Back in April, the Digital Economy Bill was rushed through the wash-up procedure of the outgoing government without the due debate and consideration that I and others believe such a far-reaching bill deserved. My disillusionment with the government decision-making process over the following week led me to set up and announce a new site, called “Dynamic Democracy”. It was an experiment to see what would be discussed if everyone was involved – on an anonymous basis – rather than just our elected representatives that often do not do a good job of representing us anyway.
The site allowed all users to create and comment on ‘Bills’, encapsulated ideas or laws that they would be pushing for if they were in power. Registering gave users the ability to vote bills (and comments) up and down, leading to a list of highest-ranked bills that represented the users’ favourite potential policies.
Dynamic Democracy saw little success, possibly because writing a full, well-thought-out bill represented significant effort that a casual browser would be unlikely to commit. ‘Karma’, the point system that aimed to encourage users to submit bills and comments, did not prove to be a good enough incentive as there were so few users to compete with and no direct reward was ever implemented for reaching high karma levels.
What the site did bring, however, was a number of enquiries from like-minded individuals all over the world, keen to discuss the ideas behind the site and whether or not something like Dynamic Democracy could ever be implemented as a real government policy-making tool. One of the more notable contacts, Denny de la Haye, stood as a candidate for Hackney South and Shoreditch in the general election and promised to implement a crowd-sourced voting system similar to Dynamic Democracy for his constituents to voice their opinions in Parliament through him. (Denny, who sadly did not win his seat, now represents the UK arm of political party DemoEx.)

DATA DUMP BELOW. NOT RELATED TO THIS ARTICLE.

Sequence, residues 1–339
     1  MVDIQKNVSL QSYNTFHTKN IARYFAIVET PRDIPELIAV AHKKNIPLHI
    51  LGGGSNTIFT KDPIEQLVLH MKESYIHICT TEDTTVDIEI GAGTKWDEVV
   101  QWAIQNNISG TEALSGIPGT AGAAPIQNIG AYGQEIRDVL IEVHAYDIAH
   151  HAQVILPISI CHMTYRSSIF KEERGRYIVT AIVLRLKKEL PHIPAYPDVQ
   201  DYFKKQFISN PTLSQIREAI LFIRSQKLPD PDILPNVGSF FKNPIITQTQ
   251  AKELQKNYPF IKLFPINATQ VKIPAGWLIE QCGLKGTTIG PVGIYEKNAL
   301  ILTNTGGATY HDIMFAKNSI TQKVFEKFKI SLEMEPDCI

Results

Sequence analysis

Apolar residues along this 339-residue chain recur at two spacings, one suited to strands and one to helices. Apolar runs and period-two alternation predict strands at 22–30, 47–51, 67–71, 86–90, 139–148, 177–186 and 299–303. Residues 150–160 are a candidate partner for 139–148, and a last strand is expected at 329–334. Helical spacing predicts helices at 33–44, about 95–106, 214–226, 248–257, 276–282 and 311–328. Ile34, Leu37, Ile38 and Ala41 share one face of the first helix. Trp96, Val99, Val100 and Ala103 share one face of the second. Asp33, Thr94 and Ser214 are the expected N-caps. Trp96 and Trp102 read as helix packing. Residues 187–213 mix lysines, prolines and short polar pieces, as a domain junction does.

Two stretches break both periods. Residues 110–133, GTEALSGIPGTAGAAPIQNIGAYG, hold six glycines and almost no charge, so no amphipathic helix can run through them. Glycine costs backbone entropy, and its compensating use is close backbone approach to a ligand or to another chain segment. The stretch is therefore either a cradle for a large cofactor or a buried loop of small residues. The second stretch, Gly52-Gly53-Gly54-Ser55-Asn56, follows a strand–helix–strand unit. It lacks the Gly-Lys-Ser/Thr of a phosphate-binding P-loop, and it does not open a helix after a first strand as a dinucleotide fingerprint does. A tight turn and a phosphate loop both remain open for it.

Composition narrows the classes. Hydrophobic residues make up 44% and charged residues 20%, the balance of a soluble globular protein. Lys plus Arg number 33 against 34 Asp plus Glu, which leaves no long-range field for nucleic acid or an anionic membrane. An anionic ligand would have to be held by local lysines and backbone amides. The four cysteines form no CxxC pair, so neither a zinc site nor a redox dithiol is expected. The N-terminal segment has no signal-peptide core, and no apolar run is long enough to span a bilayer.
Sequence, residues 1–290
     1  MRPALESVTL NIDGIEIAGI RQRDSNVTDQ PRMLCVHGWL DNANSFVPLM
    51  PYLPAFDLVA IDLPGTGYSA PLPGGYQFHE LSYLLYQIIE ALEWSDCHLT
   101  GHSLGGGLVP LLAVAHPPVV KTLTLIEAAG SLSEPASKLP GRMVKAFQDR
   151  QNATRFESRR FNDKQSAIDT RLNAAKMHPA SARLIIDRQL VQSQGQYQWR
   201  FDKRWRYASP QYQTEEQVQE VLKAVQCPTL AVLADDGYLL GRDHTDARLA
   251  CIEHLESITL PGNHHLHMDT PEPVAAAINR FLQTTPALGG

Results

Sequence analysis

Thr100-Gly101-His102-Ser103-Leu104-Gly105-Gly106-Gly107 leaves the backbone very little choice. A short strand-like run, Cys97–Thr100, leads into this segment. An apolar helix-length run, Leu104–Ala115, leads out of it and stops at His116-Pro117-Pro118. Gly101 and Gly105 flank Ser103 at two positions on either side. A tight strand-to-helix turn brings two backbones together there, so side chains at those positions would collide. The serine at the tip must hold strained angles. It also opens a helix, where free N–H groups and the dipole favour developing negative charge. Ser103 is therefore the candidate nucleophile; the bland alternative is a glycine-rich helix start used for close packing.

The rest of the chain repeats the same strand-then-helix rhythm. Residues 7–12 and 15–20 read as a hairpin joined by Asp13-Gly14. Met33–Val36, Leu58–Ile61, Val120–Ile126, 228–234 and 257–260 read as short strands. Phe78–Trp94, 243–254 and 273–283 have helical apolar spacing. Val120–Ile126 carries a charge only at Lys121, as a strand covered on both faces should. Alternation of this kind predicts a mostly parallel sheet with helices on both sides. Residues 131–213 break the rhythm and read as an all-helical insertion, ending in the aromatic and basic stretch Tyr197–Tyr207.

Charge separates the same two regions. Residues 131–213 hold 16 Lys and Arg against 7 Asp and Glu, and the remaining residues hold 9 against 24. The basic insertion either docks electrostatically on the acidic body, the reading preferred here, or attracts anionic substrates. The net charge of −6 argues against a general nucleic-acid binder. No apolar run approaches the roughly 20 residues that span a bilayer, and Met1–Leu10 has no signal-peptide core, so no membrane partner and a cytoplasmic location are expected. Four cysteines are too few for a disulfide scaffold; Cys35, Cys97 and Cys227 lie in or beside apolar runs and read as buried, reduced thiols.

I have decided that today is the day to close the Dynamic Democracy experiment, because today the UK government announced their “Your Freedom” website. While largely focussed on repealing or changing laws rather than the complete freedom to suggest anything you like, Your Freedom is certainly in the same vein as Dynamic Democracy, with the crucial extra feature that is endorsed and used by our government and thus ideas proposed there stand at least some chance of making it into official government policy.
Time will tell whether that really happens, or if like the No. 10 Petitions site, suggestions will be responded to with an e-mail from the Prime Minister’s office explaining why thousands of users are all wrong. But I do still hold out hope.
Did Dynamic Democracy influence the government in their decision to create Your Freedom? Almost certainly not. As my discussions with visitors to the site have shown, I am far from the only person to have come up with this idea, and neither am I the only one to have coded up a website around it. No – this is simply an idea whose time has come. A vast gulf exists between Westminster and the world outside, just as it always has, but these days the public are coming to question why that is and if we can do something to correct it. And nowhere is the desire to bridge that gulf stronger than among the tech-savvy youth that have the drive and the ability to use the internet to that end. Sites like these will come and go a hundred times over the coming years and decades, and slowly but surely we’ll reshape our government into what we want it to be.
So to everyone who contributed to Dynamic Democracy: thank you, and goodbye.
If you’d like to contact me about Dynamic Democracy (or anything else), you can still do that via email. If you’d like to help get the Digital Economy Act repealed, please vote up and comment on one of these ideas on Your Freedom. If anyone would like use of dynamicdemocracy.org.uk until my ownership expires in 2012, let me know. Stay tuned for the announcement of another project that bridges politics and the internet in the next few weeks.